Questions and answers for companies

The UKs withdrawal from the EU


What impact will the withdrawal of the United Kingdom from the European Union have on my UK-based company?

If your business of putting chemical substances, biocidal products or active substances on the market is limited to the territory of the United Kingdom alone, as from the date of the United Kingdom’s withdrawal, your activity will no longer be subject to the provisions of the EU chemicals legislation. With regard to obligations arising from the CLP, BPR, PIC, and REACH Regulations, your legal obligations towards ECHA as the EU’s respective regulatory Agency will also cease. Instead, it will be the UK legislation that applies to you.

You will therefore need to follow the legislative developments in the UK. You are also advised to follow the UK withdrawal negotiations with the EU which may determine your future obligations.

If your business is in any way part of a supply chain that links you to businesses located within the 27 EU Member States remaining after the UK’s withdrawal, you will face some fundamental changes. You will find more detailed advice under the respective headings of these Q&A pages.

Will UK-based companies still be able to rely on helpdesk support for advice and assistance related to the EU chemical legislation?

Yes. With its withdrawal from the EU, the United Kingdom will become a so-called “third country”. The ECHA Helpdesk regularly replies to enquiries from companies based outside the EU/EEA. After the UK withdrawal, UK-based companies should address ECHA via the dedicated contact form.

As from the date of withdrawal, the UK will no longer have the obligation to maintain a national helpdesk to provide advice and assistance on matters governed by the EU’s CLP, BPR or REACH Regulations. You are advised to check with the UK authorities if they will nonetheless provide such advice in practice. You may also wish to address your industry association in the UK

What impact will the withdrawal of the United Kingdom from the European Union have on my EU-27-based company?

As a company based in the EU-27, the obligations flowing from the EU chemicals legislation will continue to apply to you. Your interactions with UK-based business partners, however, will be impacted by the UK withdrawal, as the United Kingdom will become a so-called “third country”. Consequently, you may face new and different UK rules on the import and use of chemical substances. You may also need to adapt your interaction in supply chains involving your UK-based business partners. The Q&A sections on the BPR, CLP, PIC and REACH Regulations will provide you with more detailed guidance in that regard.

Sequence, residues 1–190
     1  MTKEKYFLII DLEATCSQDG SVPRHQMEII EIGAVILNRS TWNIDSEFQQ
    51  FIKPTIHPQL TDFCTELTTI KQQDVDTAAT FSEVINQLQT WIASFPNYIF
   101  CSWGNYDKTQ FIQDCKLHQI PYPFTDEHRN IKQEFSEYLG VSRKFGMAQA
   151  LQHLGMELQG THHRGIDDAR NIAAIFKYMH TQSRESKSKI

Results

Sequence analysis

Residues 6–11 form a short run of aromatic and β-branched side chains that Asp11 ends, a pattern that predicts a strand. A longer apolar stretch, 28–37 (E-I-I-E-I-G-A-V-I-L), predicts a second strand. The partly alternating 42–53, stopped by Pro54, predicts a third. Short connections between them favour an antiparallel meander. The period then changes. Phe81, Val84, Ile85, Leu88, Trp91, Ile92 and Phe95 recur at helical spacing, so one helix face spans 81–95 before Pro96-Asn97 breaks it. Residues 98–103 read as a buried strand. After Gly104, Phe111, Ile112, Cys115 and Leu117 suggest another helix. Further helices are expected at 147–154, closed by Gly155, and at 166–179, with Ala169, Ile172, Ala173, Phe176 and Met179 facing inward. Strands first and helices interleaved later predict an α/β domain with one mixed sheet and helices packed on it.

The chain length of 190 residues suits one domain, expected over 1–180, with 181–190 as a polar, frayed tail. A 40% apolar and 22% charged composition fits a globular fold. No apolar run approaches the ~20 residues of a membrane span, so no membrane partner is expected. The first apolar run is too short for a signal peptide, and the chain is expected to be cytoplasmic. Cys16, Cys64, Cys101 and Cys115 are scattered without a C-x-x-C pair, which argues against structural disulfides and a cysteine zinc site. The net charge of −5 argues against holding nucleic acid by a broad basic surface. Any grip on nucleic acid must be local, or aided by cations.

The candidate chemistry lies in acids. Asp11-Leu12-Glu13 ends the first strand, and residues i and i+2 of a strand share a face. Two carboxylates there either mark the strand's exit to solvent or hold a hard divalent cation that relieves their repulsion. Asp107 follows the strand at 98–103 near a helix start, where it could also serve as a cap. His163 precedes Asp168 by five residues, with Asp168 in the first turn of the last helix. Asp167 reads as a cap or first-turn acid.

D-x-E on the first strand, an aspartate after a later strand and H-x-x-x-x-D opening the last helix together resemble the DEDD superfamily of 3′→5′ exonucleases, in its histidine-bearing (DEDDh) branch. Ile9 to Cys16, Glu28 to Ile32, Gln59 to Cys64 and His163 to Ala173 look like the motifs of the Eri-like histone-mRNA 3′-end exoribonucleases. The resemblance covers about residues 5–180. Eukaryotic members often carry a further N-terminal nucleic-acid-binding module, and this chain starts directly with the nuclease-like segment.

What impact will the withdrawal of the United Kingdom from the European Union have on appeal proceedings before the Board of Appeal?

ECHA decisions concerning UK-based companies will only apply until the date on which the UK withdrawal takes effect and the United Kingdom ceases to be an EU Member State.

If you, as a UK-based company and an addressee of an ECHA decision, decide to challenge that decision or have already challenged it before the Board of Appeal, this may mean that the contested ECHA decision will then cease to have legal effect. In this case, unless the appellant provides evidence as to the existence of a material interest in ECHA’s Board of Appeal continuing to handle its appeal, the appeal proceedings may be discontinued, as there would be no need for the Board of Appeal to rule on such an appeal.

My UK-based company provides chemicals to customers in the EU-27/EEA. What other effects of the UK withdrawal from the EU than those relating to the BPR, CLP, PIC and REACH Regulations will we need to bear in mind?

The Q&As on this website solely provide advice on the impact of the UK withdrawal in relation to the chemicals legislation that ECHA manages. You will need to find information on its other effects on supply chains across the external frontier of the EU (e.g., customs, tariffs and quotas, rules of origin, standardisation, rules on transport from outside the EU, etc.) from other sources, such as the European Commission or your industry association. Such information is, for instance, contained in this “Notice to Stakeholders” of 10 January 2018 on the “Withdrawal of the United Kingdom and EU Rules in the Field of Industrial Products”, published on the webpages of the European Commission


My EU27-based company needs to notify an export of a chemical subject to the PIC Regulation to the UK, and the export will take place after the date of the UK withdrawal. However, there is no withdrawal agreement in place. In accordance with Article 8(2) of the PIC Regulation, the export should be notified 35 days before the expected date of export, how to proceed?

Pursuant to Article 8(2) of Regulation (EU) No 649/2012 on the export and import of hazardous chemicals, exporters are required to notify their exports 35 days before the expected date of export. To cover exports taking place in the first 35 days from the withdrawal date if there is no withdrawal agreement, a procedure will be reactivated to allow EU27-based exporters to notify the planned export to the United Kingdom in advance of the withdrawal date. These export notifications will take effect if the United Kingdom is, as of the withdrawal date, a third country without a withdrawal agreement entering into force on that date.

Instructions on how to proceed are described in the document “How to notify PIC exports to the UK in the absence of a decision on the UK’s withdrawal from the EU

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